UN's deputy secretary-general Jan Eliasson speaks at a awards ceremony in New York, on October 3, 2012
UN's deputy secretary-general Jan Eliasson speaks at a awards ceremony in New York, on October 3, 2012. A planned Syria peace conference next month will only work if the government and rebels send credible negotiating teams, Eliasson told reporters in Geneva. © Vanessa Marisak - Getty Images/AFP/File
UN's deputy secretary-general Jan Eliasson speaks at a awards ceremony in New York, on October 3, 2012
AFP
Last updated: May 21, 2013

UN calls for credible Syrian players at Geneva talks

A planned Syria peace conference next month will only work if the government and rebels send credible negotiating teams, the UN's deputy secretary-general Jan Eliasson said Tuesday.

"There have to be two, credible delegations to negotiate," Eliasson told reporters in Geneva, the planned venue of the talks.

"We're working very hard for a meeting as soon as possible. We're in contact with the parties, and with the Security Council members, that are involved. But we hope very much that the meeting will take place, and soon," he said.

Amid growing speculation that the talks could be held from June 10, Eliasson declined to be drawn on potential dates but confirmed that the target was still next month.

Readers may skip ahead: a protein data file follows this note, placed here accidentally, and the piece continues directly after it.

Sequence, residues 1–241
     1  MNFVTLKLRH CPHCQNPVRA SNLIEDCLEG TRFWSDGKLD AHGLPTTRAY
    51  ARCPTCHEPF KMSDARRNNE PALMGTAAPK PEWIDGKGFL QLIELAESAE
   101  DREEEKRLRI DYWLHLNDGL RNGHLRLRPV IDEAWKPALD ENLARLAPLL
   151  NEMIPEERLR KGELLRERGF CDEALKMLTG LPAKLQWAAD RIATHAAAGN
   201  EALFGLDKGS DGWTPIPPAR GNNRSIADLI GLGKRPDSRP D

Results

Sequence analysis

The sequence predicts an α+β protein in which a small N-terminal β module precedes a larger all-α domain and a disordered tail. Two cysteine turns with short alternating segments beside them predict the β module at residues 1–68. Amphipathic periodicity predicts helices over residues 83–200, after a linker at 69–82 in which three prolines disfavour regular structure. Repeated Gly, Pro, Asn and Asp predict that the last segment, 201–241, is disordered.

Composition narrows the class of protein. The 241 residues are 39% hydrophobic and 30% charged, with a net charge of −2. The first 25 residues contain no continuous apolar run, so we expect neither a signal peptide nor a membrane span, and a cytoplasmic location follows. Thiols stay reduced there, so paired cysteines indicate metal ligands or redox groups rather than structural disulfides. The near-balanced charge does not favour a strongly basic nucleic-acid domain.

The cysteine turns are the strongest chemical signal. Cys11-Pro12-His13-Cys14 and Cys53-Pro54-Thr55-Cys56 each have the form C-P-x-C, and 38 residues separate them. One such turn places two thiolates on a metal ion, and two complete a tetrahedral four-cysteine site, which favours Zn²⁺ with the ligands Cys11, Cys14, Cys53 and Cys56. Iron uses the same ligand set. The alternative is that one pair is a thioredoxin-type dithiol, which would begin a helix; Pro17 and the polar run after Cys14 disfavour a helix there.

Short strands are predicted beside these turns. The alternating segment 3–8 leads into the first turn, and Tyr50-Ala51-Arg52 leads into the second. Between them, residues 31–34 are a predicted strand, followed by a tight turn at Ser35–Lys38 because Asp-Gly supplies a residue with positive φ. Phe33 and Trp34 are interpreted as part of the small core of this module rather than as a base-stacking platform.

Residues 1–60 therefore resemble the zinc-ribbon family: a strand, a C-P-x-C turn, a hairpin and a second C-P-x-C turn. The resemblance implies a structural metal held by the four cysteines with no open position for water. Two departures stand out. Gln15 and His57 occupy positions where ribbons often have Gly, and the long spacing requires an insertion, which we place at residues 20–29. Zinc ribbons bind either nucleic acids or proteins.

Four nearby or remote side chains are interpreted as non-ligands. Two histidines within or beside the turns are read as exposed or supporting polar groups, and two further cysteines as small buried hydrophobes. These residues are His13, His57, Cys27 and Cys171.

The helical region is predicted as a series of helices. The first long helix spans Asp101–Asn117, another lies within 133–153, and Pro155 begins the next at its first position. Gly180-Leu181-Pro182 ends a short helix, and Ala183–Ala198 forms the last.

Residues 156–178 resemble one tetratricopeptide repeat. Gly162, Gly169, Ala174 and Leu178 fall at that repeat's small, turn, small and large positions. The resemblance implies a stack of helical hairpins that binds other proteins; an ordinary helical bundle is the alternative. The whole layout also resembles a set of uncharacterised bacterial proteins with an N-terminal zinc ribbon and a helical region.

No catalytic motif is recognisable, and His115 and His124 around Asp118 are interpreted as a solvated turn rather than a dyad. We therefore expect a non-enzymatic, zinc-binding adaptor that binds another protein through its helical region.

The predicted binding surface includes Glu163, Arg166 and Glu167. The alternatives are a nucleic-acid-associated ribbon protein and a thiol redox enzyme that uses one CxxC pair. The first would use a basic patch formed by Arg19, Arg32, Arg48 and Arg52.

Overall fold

"It's being worked out progressively now with the parties and we will have to wait for those consultations before we can conclude exactly how the conference will take place," he said.

Last Friday, UN chief Ban Ki-moon and Russia agreed that a peace conference should be held as soon as possible, even as Security Council member Moscow defied growing global pressure over its arms supplies to the Damascus regime.

The talks are meant to include both the fiercest rebels and members of the regime -- a problem given some opposition members' refusal to recognise President Bashar al-Assad as a negotiating partner.

The main aim, Eliasson underlined, is to try to implement a peace plan drawn up on June 30 last year at a Geneva conference involving Western powers, Russia and China, Turkey, and the Arab League.

That plan's measures include a ceasefire and a shift to a transitional government in Syria.

US President Barack Obama said last week that he will continue to press for Assad to leave power even if this is no longer a precondition of the Geneva talks.

The goal of holding talks was agreed during a May 7 visit to Moscow by US Secretary of State John Kerry.

Despite bitter splits over Syria, it is seen as a joint peace push by the two Cold War-era rivals, 26 months into the bloody Syria conflict which has claimed over 90,00 lives.

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